Management Response: [Added: 2018/10/03] [Last Updated: 2020/12/05]

Project team works closely with county-level stakeholders (i.e.: managers of public buildings and national consultants) to improve their data collection on how many people (disaggregated by sex, age, disability) access services, and the impacts that the RE and EE improvements have had on particular humanitarian outcomes, particularly health.

Key Actions:

Key Action Responsible DueDate Status Comments Documents
2.1 Firm up of the methodology of data collection from local stakeholders a) Rely on a good expertise of national consultants hired under SES b) Train them on the data collection on how many people (disaggregated by sex, age, disability) access public services.
[Added: 2018/10/03] [Last Updated: 2019/09/26]
PA/SES Project team 2019/09 Completed The project is continuing to reply on the expertise of national consultants in terms of data collection for the interventions completed as on Q1/2018. ROAR 2018 already reported sex disaggregated data, also by age and people with disabilities benefitting from those interventions. Updated information will be reported again in APR 2019 as well as in ROAR 2019. History
3. Recommendation:

Recommendations to Improve the Sustainability and Impact of Results

R3. Improved qualitative data collection at the output level

One of the main challenges encountered during this MTR was assessing the qualitative changes effected by the project when monitoring data was limited to quantitative data at the activity level. Moreover, because the project engages in substantial capacity building of the enabling environment and individual technical capacity, it is critical that the project team monitor results of capacity building at the output level, beyond demonstrating the successful implementation of capacity building activities. Below are suggestions for output indicators, and targets, which aim to allow for the collection of data which can be used to analyse the meaningful change in capacity and quality effected by the project to date. These suggestions aim to identify possible entry points for the project, conscious of data access limitations.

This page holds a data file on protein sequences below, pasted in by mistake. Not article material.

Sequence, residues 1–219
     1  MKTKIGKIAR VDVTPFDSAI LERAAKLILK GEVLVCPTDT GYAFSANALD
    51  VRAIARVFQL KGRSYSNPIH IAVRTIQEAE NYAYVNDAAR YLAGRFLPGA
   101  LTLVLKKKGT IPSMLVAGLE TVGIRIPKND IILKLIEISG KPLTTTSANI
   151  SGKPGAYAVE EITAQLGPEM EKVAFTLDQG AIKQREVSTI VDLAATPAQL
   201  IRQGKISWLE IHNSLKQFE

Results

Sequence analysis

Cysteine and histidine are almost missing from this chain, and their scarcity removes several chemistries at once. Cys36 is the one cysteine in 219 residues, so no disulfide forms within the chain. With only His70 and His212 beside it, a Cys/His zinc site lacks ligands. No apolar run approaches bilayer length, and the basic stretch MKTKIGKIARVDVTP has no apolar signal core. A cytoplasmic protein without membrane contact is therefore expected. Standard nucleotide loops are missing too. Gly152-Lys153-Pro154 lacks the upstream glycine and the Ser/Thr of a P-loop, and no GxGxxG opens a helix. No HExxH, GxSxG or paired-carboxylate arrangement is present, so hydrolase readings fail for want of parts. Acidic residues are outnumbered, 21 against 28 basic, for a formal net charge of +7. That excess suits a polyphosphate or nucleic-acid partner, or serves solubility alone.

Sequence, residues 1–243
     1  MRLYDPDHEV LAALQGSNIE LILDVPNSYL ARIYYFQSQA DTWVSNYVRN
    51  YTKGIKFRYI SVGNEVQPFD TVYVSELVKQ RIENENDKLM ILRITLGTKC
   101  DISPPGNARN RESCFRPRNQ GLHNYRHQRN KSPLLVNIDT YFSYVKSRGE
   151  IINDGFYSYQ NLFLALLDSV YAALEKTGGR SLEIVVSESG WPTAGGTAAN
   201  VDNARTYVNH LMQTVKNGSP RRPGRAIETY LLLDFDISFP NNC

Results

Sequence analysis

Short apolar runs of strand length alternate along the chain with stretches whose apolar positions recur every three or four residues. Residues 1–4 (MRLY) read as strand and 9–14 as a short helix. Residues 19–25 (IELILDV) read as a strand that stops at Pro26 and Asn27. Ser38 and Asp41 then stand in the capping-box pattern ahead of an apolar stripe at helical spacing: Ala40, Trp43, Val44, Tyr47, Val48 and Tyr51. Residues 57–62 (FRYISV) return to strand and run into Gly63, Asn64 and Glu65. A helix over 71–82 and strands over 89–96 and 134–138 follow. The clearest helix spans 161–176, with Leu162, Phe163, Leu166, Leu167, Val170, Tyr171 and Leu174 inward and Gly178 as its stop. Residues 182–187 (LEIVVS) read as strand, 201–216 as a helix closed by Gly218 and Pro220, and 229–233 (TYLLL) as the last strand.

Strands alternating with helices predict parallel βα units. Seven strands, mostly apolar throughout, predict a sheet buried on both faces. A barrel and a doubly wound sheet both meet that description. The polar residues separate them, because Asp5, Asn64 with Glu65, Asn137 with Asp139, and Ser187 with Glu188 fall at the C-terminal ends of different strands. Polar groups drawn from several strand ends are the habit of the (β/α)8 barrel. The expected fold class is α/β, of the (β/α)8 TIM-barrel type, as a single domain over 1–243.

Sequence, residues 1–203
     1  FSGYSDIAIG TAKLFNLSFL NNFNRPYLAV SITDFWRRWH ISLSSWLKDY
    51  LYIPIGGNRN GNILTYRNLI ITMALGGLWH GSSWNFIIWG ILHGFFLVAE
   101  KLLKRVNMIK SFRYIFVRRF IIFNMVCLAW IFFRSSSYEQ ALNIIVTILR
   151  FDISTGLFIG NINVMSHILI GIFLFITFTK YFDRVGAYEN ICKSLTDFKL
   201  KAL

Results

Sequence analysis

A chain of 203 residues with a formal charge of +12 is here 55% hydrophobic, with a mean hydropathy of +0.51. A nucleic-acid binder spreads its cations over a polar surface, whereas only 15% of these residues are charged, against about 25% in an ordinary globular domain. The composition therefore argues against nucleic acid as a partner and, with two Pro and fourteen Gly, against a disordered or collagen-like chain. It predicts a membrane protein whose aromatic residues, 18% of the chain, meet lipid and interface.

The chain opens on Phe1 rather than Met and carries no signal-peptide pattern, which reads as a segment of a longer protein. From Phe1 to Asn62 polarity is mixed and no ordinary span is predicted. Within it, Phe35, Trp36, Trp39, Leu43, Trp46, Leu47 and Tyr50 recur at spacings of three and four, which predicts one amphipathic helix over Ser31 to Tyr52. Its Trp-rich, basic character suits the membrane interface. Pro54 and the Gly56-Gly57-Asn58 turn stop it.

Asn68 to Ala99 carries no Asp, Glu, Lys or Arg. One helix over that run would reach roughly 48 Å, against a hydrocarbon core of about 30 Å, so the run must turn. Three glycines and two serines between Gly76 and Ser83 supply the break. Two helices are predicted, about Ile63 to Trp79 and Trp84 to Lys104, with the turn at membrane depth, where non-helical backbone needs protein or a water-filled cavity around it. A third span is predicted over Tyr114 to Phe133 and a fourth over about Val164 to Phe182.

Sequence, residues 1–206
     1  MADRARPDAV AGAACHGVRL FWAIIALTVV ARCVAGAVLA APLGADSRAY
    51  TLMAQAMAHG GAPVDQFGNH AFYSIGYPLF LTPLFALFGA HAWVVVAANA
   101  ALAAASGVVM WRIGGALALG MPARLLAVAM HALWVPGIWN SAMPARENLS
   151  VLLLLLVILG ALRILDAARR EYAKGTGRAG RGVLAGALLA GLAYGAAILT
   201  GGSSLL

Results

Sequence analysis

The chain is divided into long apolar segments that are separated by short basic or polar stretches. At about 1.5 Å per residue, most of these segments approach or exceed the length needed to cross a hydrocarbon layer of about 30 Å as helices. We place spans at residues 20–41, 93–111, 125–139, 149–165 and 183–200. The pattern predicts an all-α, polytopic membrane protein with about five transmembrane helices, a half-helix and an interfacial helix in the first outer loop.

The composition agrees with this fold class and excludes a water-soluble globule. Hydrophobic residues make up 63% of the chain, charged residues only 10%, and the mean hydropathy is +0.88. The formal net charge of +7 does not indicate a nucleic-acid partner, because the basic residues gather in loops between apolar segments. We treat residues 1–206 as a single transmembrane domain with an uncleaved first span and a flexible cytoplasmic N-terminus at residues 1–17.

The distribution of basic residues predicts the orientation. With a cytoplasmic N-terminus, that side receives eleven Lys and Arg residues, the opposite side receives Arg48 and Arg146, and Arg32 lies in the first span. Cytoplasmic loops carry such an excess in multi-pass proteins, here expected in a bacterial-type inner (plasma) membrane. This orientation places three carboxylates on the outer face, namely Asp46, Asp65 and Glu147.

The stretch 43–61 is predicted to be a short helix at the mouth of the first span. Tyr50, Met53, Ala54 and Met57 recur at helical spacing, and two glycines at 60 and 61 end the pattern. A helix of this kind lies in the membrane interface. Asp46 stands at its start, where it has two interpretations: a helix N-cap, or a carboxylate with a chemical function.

Output 1: Extent to which assessment and audit methodologies are incorporated into the workplans of the NTDCs (Target: Assessment and audit methodologies are formally adopted by NTDCs) 

Output 2: Extent to which County Energy Management Plans receive budgetary support for implementation from the country government (Target: County Energy Management Plans receive at least 75% of necessary funding)

Output 3: Extent to which NTDCs are operational (Target: plans and budgets for 3 NTDCs approved); % of training recipients also serving as peer-to-peer trainers or providing training in other counties (Target: at least 10% of training recipients engaging in knowledge transfer related to RE and EE technologies in some form).

Output 4: % reduction in coal and firewood use for heating by targeted public buildings (Target: at least at 60% reduction in coal and firewood use); % change in patients receiving emergency medical care in targeted hospitals and clinics (Target: at least a 40% increase in emergency/urgent care treatment); % change in absences among 5-7-year-old children in target kindergartens between November-March (Target: at least a 50% reduction in absences). 

Management Response: [Added: 2018/10/03] [Last Updated: 2020/12/05]